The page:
For standard Deprivation of Liberty Safeguards guidance and forms, see the DOLs Advice and Guidance pages.
The Mental Capacity Act Deprivation of Liberty Safeguards (MCA DOLS) provide protection for vulnerable people whose care or treatment arrangements might amount to a deprivation of their liberty and who lack the capacity to consent to those arrangements.
However, following the Supreme Court decision of 19 March 2014, the accommodation settings in which a person might be deemed to be deprived of their liberty include, but are not limited to, 'domestic settings' such as:
- Supported housing (where support is provided on a 24/7 basis)
- Shared lives and adult placement schemes ('Domestic Settings')
- Post-18 residential colleges
The 'acid test' for whether those arrangements amount to a deprivation of liberty is as follows:
- Is the individual subject to continuous supervision and control, and
- Is the individual NOT free to leave the placement, and
- Is the individual unable to consent to such arrangements
If the answer to all of the above questions is 'Yes', then the person is deprived of their liberty and authorisation must be sought from the Court of Protection for that to continue in each case. A deprivation of liberty that does not have the appropriate authorisation will be unlawful.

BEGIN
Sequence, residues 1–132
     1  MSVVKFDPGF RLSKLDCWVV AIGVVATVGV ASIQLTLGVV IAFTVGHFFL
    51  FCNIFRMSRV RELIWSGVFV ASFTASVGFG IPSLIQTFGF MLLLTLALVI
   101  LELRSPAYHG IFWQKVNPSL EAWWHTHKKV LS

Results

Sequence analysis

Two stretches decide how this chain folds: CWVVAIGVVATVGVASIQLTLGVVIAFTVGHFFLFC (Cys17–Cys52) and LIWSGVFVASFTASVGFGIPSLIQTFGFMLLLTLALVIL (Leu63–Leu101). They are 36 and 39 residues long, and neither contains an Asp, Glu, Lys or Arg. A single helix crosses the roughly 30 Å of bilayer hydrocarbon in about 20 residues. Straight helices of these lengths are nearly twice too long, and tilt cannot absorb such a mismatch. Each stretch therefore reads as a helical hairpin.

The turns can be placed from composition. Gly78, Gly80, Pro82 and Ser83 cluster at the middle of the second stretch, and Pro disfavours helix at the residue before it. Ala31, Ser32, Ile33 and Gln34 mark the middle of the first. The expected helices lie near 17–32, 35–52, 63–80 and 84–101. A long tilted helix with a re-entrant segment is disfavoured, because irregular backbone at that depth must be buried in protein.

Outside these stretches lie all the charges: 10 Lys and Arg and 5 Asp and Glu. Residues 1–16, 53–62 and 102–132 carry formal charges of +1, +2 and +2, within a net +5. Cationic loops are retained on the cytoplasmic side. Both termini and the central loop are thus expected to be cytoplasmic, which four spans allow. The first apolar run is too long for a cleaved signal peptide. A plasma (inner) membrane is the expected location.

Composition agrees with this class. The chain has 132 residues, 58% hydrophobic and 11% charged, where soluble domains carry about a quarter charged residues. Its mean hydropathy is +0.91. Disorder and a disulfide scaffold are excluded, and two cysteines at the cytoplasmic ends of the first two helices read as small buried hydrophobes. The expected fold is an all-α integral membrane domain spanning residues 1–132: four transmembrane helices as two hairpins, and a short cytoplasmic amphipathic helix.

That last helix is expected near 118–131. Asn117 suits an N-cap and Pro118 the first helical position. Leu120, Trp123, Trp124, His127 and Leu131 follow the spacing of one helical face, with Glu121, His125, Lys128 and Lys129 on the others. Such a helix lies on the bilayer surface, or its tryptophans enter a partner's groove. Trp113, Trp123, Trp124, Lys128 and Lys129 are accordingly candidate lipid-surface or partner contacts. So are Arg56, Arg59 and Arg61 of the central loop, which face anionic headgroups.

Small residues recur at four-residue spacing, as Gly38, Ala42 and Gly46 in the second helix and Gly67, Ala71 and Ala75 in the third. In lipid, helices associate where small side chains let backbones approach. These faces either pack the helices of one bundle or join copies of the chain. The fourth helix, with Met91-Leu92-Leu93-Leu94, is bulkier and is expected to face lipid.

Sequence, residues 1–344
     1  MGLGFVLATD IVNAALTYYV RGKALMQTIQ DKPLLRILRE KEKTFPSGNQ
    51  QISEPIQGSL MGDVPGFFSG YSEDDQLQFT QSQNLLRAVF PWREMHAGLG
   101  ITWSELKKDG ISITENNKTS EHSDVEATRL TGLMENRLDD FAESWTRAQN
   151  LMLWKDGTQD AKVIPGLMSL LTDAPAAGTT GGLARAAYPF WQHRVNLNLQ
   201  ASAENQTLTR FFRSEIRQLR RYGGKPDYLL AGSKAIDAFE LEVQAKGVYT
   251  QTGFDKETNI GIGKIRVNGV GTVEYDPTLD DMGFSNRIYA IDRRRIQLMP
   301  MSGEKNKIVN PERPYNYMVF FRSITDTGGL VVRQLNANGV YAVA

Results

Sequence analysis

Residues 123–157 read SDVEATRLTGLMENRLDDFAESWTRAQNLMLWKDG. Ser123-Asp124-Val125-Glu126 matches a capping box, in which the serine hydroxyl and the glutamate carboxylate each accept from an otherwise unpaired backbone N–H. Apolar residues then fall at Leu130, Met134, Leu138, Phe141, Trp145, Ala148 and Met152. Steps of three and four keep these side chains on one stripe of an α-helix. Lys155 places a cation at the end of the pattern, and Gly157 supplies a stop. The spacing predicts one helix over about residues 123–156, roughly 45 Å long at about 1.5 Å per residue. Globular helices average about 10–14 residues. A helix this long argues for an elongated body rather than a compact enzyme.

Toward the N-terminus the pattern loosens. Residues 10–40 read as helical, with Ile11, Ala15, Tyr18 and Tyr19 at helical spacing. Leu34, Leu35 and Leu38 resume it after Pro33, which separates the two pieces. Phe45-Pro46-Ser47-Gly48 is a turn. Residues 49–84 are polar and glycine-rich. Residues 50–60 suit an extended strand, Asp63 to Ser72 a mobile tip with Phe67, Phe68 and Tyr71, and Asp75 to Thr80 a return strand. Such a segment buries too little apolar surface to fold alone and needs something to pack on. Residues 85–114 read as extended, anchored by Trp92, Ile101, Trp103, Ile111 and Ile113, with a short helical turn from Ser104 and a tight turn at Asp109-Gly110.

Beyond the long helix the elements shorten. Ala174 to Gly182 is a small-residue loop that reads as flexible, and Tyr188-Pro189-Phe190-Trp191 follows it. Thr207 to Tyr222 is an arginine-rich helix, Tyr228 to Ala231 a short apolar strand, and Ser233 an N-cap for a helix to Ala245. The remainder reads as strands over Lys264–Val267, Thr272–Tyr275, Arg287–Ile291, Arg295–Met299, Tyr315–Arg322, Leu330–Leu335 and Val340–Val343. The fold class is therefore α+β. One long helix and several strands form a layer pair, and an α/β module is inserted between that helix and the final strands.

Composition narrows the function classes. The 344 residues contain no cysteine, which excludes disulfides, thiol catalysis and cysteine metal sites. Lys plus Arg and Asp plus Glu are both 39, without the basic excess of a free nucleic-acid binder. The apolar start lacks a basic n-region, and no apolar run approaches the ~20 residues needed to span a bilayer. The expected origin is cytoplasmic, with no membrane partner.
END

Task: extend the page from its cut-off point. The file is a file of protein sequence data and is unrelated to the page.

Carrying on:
In relation to being "free to leave", Lord Justice Munby gave this guidance: "When I refer to leaving X home or leaving Y home I do not mean leaving for the purpose of some trip or outing…I mean leaving in the sense of removing himself permanently in order to live where and with whom he chooses…"
Assessing people's circumstances
To determine whether a person is deprived of their liberty, providers should review each individual using the Individual Scale Tool.
Where a completed scale tool indicates that a person might be deprived of their liberty, the forms should be sent securely to the Manchester City Council contact centre:
Fax: 0161 255 8266
The relevant care co-ordinator will then arrange to visit the person and the provider to complete the relevant assessments.
These assessments will identify those persons who:
- Cannot be placed in a less restrictive environment, and
- Will continue to be deprived of their liberty, and
- Whose deprivation must be authorised by application to the Court of Protection - this will be done by the commissioning organisation's legal team.
Dealing with high volumes of assessments
If a partner or stakeholder has to assess many people at once, the guidance from ADASS (Association of Directors of Adult Social Services) will be useful. They recommend that those at highest risk have the earliest protection from the safeguards.
This can be done by prioritising assessments where the person meets the ‘acid test’ and there is urgency or a change of circumstances for the person, however in cases where the person is living in ‘settled circumstances’ and not determined as at high risk, the person can be assessed in line with their annual review.
Partners and stakeholders are also reminded that they must review care plans in partnership with the placing / funding authority to consider less restrictive options which may subject the person to unnecessary and intrusive interventions, before authorisations from the court are requested.
For more information, or for training please contact Emma Fowler or Louise Tanner at: email@example.com